First of all, Arrival by the great Denis Villeneuve is further proof that maybe Canada isn’t so bad if people like this director come from there.

Here’s the poster:

Shoot, hang on, here it is:

Crap, that’s not it either. One more time:

There we go. So a little bit about the movie first. Aliens arrive. Amy Adams is a linguistic genius. Army wants her to translate alien-speak. Begin drama. Tl;dr:

This one is definitely a culmination of ideas that Villeneuve has explored in his other films, especially family. Prisoners, Incendies and even Enemy explore different aspects of family, but somehow when Villeneuve goes to sci-fi he ends up being more intimate in the exploration of love between humans than in any of the others.

Arrival is also a little different for Villeneuve since it is an adaptation and this time I have read the story on which the film is based. The core idea is maintained, but Ted Chiang’s “Story of Your Life” doesn’t have almost any of the dramatic conflict the film does. So if you’ve read the story and thought “How is that going to possibly make for compelling cinema?” as I did, don’t worry. Eric Heisserer added a lot to Chiang’s base story and it all feels very organic the way it’s written. The trailer plays up the moments when the various superpowers are in disagreement, and indeed those moments are intense, but we are with Amy Adams the whole time.

Which brings me to one of my favorite things about Arrival. We really do feel what Amy Adams feels throughout the film. This is because of two things: Amy Adams is a phenomenal actress; Bradford Young shot the hell out of this movie. I was really bummed when I found out that Roger Deakins wasn’t shooting this one. He really elevated Sicario in my opinion. Luckily, Bradford Young was there to fill the Deakins-sized void. Just look at the work he did on Ain’t Them Bodies Saints and you’ll have total faith in him, too:

The depth of field in the shots are so shallow that a character’s face can be in focus while the hand they extend away from their body is totally fuzzy. This separation between the subject of the shot and everything else creates the intimacy I mentioned before, especially if there’s something closer to the camera that’s not the subject. For instance, early on in the film, Amy Adams’ character is playing with her daughter. Adams’s back is to us, but she takes up a large portion of the frame. The daughter is in focus, yet she’s more distant. These moments force us to focus only on the one thing we can really see, much like we can often only focus on one thing at a time. Metaphor!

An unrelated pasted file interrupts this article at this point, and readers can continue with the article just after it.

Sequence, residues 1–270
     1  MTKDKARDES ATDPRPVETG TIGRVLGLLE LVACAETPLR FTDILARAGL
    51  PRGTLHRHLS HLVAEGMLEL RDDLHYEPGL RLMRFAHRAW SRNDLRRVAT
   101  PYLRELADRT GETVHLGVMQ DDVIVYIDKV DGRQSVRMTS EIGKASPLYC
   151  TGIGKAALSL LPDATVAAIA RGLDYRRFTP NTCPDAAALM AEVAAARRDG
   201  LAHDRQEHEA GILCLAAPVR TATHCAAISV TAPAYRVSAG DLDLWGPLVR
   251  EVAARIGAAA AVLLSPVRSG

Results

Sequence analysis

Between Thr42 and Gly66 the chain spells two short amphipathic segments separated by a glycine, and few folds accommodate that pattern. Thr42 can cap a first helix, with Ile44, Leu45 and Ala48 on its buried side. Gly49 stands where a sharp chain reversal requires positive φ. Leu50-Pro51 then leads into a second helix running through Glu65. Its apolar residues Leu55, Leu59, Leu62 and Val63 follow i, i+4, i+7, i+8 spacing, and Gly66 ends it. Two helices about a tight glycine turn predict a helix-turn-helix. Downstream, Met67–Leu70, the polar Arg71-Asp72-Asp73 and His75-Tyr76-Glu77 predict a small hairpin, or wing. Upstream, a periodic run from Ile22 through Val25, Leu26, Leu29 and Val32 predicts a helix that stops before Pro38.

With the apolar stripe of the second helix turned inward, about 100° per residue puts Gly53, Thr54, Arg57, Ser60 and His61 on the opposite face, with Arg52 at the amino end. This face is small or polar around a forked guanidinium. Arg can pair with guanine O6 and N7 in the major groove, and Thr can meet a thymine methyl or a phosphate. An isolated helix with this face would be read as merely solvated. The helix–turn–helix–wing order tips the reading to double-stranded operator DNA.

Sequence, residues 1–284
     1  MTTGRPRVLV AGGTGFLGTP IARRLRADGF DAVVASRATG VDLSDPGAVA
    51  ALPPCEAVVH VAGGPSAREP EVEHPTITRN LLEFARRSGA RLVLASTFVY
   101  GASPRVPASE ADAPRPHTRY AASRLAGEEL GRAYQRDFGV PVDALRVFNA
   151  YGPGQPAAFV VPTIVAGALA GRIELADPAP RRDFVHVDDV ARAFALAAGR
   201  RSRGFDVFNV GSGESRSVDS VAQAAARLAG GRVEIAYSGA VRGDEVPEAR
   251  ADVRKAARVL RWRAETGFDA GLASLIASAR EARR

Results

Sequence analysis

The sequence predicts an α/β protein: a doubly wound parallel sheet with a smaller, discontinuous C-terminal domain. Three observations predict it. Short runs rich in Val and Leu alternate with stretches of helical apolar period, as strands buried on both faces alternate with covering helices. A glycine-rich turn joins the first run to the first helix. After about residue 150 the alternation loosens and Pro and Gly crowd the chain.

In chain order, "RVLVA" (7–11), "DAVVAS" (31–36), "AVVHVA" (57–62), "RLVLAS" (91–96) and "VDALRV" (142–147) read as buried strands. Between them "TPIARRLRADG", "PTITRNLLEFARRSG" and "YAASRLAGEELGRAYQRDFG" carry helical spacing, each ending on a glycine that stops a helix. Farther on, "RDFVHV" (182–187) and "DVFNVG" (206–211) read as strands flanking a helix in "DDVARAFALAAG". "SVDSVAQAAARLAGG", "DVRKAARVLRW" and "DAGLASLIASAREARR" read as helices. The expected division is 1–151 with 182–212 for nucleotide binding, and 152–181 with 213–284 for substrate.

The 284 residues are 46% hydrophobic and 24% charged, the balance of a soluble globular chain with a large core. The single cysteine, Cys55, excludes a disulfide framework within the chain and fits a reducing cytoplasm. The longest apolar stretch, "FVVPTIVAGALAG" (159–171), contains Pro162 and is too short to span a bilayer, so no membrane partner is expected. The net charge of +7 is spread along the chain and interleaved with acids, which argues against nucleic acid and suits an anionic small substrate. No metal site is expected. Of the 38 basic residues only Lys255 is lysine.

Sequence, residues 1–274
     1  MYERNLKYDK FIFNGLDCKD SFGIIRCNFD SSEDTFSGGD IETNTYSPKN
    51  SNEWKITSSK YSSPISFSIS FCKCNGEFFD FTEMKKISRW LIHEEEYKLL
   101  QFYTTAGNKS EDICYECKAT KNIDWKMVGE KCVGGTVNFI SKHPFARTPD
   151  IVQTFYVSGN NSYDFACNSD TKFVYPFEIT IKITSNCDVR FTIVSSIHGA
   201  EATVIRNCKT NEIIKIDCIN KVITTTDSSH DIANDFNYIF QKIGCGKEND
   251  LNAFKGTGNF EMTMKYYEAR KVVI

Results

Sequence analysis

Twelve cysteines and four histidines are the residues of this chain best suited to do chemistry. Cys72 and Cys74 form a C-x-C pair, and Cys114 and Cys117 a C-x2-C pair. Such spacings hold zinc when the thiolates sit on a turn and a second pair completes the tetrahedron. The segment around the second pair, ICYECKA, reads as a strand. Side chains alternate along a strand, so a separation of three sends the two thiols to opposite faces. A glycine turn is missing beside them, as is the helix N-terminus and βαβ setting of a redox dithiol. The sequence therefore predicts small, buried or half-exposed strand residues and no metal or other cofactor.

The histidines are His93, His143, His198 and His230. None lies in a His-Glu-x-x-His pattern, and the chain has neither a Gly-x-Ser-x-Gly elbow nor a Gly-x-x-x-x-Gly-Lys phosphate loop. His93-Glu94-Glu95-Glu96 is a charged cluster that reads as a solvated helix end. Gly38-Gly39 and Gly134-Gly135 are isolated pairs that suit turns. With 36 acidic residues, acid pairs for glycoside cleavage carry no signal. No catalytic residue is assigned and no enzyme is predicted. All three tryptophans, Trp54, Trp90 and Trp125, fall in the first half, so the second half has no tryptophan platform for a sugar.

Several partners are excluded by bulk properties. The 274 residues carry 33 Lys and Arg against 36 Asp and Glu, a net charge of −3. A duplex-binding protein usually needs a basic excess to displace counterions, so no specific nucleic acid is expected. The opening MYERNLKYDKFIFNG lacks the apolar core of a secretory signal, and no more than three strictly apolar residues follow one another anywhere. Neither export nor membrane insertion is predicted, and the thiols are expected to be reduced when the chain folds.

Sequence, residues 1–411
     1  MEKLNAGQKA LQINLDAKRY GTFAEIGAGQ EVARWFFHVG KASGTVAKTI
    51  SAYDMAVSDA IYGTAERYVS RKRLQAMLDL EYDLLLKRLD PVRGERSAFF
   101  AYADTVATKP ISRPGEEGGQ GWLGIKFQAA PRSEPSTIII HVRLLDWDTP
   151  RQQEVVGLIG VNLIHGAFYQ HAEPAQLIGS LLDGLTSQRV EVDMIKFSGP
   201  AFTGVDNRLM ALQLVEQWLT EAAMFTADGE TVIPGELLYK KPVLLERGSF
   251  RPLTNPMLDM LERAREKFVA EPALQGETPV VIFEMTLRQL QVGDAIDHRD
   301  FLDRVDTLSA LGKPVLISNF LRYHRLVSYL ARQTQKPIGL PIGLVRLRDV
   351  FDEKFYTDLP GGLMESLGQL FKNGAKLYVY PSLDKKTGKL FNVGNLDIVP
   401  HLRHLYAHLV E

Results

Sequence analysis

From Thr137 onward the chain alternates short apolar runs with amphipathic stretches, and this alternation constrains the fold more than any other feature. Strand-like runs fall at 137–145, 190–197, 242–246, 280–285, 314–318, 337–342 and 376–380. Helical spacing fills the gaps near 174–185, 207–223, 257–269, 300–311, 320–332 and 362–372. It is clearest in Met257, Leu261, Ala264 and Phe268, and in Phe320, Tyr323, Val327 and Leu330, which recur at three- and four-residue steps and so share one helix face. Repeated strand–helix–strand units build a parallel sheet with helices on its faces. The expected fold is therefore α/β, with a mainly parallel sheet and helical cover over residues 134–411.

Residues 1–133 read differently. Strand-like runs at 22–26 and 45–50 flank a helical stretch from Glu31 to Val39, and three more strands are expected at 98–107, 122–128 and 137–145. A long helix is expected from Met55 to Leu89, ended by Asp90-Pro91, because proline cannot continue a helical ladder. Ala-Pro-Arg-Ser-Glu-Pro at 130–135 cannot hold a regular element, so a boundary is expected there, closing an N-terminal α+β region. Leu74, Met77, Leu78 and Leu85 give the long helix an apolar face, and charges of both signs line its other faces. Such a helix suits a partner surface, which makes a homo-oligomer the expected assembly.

Jóhann Jóhannsson is similarly performing at the top of his game on the soundtrack. Except for the opening and the closing of the film which, for some reason, both play “On the Nature of Daylight” by Max Richter in its entirety. I love that piece and I love Richter as a composer, but I don’t think it necessarily fit. I think that was an instance of the director having his heart set on a certain piece of accompanying music but I would love to have heard how Jóhann Jóhannsson would capture the emotion. As I mentioned before, there are tense bits. Really, though, they wouldn’t be nearly as tense without the score he creates to run under those scenes. And then there’s the moments where the score is absent. Those, to me, are always so much more important to get right than when the score is present, and this movie does that so well. That means mad props to the director but also the editor: Joe Walker.

I think my biggest complaint about the film stems from a line that’s in the trailer. One of the trailers anyway. At one point someone says that maybe the aliens are trying to get us to fight each other, then Amy Adams says maybe they’re trying to get us to work together for once. That’s not exactly the epitome of subtlety, so it irked me a little bit. But the film doesn’t dwell on it because, while that aspect certainly is part of the “message” of the film, it’s much more about language and familial love.

I realize I haven’t talked too directly about the plot of the film and that’s because I don’t want to be too spoiler-y with what I say. I’m hoping that what I have said is enough to convince you that you should see it. Because, in case I haven’t said it already, you should.